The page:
Friday 21 July 2017

Pros and Cons of Weekend Language Schools

School classroom clipart

As you may know, we are a multilingual family. My husband speaks Turkish and two Kurdish languages (Zazaki and Kurmanji) and my parents speak Polish. As a Muslim family, learning Arabic is also important. I would like my children to understand the language of the Quran, not just recite it as many people do. Also, as one of the top ten most spoken languages in the world, Arabic is also important from a political and social point of view. 

With so many languages we simply cannot learn them all. We have decided to concentrate on teaching the children Arabic and Turkish as minority languages; our majority language, the language of the society in which we live, being English. 

It can be hard to teach your child a minority language so parents in this position, like us, are often looking for ways to assist their child's language learning skills. Weekend language schools can seem a good solution to this common issue. But are they really? Read on to find out.


Listening to other adults speaking the minority language

This is extremely important. You may be in the situation where one or both parents speak the minority language at home, however, do not underestimate the importance of your child hearing the minority language from other people. No two people speak exactly alike, therefore, it is necessary for your child to hear the language from as many different people as possible in order for them to pick up on the variations in the language.

Interacting with other children learning the minority language

They can interact with other children who use the minority language and can practise their speaking and listening skills. They may find it more comfortable to practise the language with others the same age as them, rather than adults. Again, they will be listening to variations in the language which will make them familiar with the nuances of it.

Socialising with other children of the same cultural background

Chances are the language they are learning is one from their cultural background. This means by going to the language school they will be mixing with other children of the same cultural background as them. This will make them feel part of the community.

Cheaper than one to one lessons

Private lessons can be very expensive. If you cannot afford to splash out on one to one lessons then a weekend language school is a good option. Your child will be exposed to the language for a fraction of the cost.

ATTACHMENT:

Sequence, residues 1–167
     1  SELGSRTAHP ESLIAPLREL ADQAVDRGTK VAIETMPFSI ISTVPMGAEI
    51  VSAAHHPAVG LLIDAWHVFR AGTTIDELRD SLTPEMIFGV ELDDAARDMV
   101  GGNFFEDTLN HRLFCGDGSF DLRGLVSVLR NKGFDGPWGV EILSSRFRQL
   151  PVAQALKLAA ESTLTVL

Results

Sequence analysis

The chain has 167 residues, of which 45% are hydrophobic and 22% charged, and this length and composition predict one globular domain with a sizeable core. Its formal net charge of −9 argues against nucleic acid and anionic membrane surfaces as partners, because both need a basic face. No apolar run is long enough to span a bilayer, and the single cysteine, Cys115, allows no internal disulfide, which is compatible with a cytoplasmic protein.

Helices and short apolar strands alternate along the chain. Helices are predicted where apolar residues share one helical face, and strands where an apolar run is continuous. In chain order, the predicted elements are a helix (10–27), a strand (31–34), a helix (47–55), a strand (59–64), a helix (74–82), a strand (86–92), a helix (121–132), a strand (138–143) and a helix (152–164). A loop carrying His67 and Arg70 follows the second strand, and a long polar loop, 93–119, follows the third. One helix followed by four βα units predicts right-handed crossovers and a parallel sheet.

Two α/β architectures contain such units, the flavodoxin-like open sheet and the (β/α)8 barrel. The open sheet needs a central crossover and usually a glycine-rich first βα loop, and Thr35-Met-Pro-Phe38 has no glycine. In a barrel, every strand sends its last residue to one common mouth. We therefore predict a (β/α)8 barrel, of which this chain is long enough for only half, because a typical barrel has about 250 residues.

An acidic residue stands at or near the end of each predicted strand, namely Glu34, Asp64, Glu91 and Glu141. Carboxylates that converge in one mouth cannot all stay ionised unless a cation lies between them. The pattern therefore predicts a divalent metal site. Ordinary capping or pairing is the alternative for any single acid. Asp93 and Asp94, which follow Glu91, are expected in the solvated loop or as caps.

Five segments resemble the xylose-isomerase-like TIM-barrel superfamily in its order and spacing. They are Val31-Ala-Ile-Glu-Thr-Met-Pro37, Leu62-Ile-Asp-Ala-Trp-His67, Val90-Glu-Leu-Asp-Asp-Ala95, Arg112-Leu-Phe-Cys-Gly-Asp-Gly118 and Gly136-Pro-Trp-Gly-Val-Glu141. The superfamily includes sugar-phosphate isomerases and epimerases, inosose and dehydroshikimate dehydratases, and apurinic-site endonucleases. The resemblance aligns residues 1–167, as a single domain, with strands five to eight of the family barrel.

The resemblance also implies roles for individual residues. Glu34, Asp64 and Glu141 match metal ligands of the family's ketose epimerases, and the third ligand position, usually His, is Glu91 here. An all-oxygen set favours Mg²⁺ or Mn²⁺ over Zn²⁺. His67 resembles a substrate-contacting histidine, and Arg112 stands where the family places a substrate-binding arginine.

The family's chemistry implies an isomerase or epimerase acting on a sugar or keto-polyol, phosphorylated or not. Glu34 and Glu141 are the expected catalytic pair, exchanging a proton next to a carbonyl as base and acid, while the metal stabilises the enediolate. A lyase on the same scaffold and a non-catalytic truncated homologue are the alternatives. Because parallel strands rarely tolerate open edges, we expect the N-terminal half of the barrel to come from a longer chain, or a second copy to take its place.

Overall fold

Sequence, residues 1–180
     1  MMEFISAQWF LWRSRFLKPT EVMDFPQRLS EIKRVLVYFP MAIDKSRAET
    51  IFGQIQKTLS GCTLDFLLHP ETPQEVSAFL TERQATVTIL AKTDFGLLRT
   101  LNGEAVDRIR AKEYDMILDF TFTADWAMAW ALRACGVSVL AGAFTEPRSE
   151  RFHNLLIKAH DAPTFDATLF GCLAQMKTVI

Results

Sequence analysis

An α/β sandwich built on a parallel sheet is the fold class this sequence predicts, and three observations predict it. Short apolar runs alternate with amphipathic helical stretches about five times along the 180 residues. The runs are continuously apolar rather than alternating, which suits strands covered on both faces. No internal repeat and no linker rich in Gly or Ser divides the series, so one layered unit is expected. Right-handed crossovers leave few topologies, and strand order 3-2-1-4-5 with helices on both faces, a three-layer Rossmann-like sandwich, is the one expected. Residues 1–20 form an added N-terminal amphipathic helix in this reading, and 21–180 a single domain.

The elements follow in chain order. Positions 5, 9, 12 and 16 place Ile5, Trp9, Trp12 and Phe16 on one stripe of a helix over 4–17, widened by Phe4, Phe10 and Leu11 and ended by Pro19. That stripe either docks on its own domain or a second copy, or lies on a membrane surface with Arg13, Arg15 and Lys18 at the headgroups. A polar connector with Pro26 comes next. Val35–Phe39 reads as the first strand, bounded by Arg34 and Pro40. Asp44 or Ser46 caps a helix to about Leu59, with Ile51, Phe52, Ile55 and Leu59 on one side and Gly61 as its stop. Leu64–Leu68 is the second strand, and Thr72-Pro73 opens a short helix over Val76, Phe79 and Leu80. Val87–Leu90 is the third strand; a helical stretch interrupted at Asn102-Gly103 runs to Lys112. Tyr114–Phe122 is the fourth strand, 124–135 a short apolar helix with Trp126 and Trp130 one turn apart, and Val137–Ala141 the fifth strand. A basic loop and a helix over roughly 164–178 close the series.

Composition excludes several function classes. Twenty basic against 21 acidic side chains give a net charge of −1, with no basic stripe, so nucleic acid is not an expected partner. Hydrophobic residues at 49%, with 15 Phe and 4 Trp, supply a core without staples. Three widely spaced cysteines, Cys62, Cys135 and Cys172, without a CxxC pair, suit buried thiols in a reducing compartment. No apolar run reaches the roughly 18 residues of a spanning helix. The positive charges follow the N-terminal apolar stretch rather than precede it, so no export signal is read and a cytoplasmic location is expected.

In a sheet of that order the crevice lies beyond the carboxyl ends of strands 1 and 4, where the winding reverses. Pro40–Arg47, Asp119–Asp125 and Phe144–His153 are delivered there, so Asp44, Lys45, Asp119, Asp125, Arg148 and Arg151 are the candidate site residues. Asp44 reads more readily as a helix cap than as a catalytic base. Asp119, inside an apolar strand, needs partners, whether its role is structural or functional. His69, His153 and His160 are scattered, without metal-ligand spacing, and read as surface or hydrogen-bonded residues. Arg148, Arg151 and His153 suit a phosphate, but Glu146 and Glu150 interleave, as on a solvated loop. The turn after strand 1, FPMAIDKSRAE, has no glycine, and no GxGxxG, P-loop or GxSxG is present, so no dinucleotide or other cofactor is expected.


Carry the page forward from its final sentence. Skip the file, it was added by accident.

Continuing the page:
Once a week is not enough

Language learning involves a lot of time and devotion which means that attending a class once a week is, sadly, rarely enough. Firstly, with such a big gap between classes, it can be easy for the child to forget what he/she has learnt the previous week. Ideally, studying a language a couple of times a week is better because it keeps the language fresh in their mind. Short lessons a couple of times a week work best. 

A lot of unqualified teachers

At every language school I have been to, the amount of unqualified teachers is very high. Some have no qualified teachers. Why are qualified teachers important? Because they have been trained to plan and deliver classes. They know how to adapt lesson plans to suit the students. They know how to manage pupil behaviour. They know how to explain certain concepts in a clear and concise way.

Large class sizes

If you are living in an area with a large number of children learning the language but few schools or classes available, this can lead to very large class sizes. This means your child will not be given the amount of attention they need to learn it accurately.

May use backward teaching methods

Sometimes you will find that the teachers come from a culture with teaching methods you may find awkward or backwards. For example, they may have an old fashioned style of teaching where they do lots of tests and exams. If this is the case, they will spend more time using textbooks and revision, and perhaps less time speaking and listening, in order to work towards these goals.

They may have the mentality that learning means sitting at the desk doing reading and writing. They may not realise how practical and fun lessons can be. They may not understand how interactive, practical lessons can be much more meaningful for the child, meaning they are more likely to learn more and remember what they have learnt. 

What is the solution?

Weekend schools can be great, some better than others. My own children go to language schools; Arabic on a Saturday and Turkish on a Sunday. This may sound like a lot, and it would be too much if your children go to school during weekdays, but my children are home educated so we can afford the time spent at language schools at the weekends.

Weekend language schools can be so important for socialisation with other children of the same linguistic and cultural background, as well as for hearing the subtle nuances of the language. However, do remember that it is rarely enough. Therefore, you will need to supplement these weekend classes with extra learning throughout the week. I will write another article soon with details on how you can do this.

Do your children attend language schools at the weekend? How do you feel about them?

Additional articles of interest


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